Here is the response: From a “Christel Canning” (christelcanning@yahoo.com):

    “Hi ___. I thought I had this property rented to a younger couple the other day but they haven’t been returning my calls. Since I posted the ad you are the first person to contact me about the property.

    The property is move-in ready and I will rent it to the first person who signs a lease. I offer 3 month, 6 month and 12 month leases. The first months rent, the cleaning fee, and any pet fees are due at that time. If you’re not yet out of your current lease that is acceptable. The property will remain vacant until you’re ready to move in.

    So you know, I do not conduct a background check or charge an application fee. However to qualify as a tenant you must have a credit score above 500. You can obtain your score for free Here. Print the first few pages and bring them to the viewing.

    If you do not bring a copy of your credit report from the above site to the viewing I will not show you the property. I apologize but I’m looking for serious tenants only and not window shoppers. To schedule a viewing just respond to this email. I’m available any time after 10am this week.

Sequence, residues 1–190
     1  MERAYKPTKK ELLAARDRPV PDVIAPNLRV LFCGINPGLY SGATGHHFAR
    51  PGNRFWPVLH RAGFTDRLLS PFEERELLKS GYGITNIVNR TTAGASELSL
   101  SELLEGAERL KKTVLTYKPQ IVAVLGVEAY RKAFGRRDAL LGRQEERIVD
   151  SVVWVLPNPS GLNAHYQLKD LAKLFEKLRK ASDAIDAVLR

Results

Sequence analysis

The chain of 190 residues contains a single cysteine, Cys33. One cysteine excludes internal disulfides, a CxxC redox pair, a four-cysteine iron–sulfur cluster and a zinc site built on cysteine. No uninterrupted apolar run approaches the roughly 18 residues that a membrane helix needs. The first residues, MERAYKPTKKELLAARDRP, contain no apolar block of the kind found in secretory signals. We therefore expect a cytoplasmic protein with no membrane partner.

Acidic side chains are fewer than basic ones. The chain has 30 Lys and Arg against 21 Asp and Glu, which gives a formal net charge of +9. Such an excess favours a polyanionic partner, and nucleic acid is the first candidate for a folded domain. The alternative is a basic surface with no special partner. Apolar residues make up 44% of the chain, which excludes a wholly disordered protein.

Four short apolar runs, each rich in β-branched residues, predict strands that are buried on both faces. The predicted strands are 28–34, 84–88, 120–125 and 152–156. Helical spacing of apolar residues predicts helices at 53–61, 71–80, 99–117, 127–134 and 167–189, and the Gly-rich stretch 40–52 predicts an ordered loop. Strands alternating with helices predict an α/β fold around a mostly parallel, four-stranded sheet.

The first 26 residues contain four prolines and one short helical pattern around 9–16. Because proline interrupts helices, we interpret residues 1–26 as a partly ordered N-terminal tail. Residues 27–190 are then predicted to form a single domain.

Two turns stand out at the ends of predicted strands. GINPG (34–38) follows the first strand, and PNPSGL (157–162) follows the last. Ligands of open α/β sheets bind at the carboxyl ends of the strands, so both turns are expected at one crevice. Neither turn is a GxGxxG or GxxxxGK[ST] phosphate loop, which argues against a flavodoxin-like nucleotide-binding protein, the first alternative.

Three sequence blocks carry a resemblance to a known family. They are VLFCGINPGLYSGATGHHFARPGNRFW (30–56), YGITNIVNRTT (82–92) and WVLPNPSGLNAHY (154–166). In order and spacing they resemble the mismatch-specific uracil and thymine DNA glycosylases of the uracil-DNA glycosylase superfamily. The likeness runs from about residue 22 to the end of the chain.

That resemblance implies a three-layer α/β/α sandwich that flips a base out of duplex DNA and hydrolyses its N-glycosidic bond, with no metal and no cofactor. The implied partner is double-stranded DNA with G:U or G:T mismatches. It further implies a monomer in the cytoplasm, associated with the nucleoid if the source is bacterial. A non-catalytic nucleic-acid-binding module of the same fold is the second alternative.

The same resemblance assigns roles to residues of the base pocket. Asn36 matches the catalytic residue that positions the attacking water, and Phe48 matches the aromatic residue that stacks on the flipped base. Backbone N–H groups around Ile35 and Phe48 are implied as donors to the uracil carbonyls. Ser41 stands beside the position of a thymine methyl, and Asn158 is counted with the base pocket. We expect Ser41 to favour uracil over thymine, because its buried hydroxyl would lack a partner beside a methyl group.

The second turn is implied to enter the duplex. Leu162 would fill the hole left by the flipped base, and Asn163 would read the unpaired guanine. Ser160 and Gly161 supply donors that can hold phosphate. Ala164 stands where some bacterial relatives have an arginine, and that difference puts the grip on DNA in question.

Talk to you soon .
    Christel Canning”

    A couple of things were suspicious:
    1) It was a pasted block text.
    2) Credit score and credit report are 2 different things, she mentioned both.
    3) Googled her name – nothing came up.

  16. littlestar22 says:

    This just happened to me 2 days ago. The ad had a short description with “serious tenants only”. The pictures were nice. 3bdrm/3bth house in Cupertino, CA for $1660/mth. That is a steal, but I suspect that it was too good to be true. Luckily, one of us just got a credit score recently and I asked her if that would suffice. I haven’t heard from her and was about to email for a follow-up until I saw this article! The Ad was removed.

    Here is the response: From a “Christel Canning” (christelcanning@yahoo.com):

    “Hi ___. I thought I had this property rented to a younger couple the other day but they haven’t been returning my calls. Since I posted the ad you are the first person to contact me about the property.

    The property is move-in ready and I will rent it to the first person who signs a lease. I offer 3 month, 6 month and 12 month leases. The first months rent, the cleaning fee, and any pet fees are due at that time. If you’re not yet out of your current lease that is acceptable. The property will remain vacant until you’re ready to move in.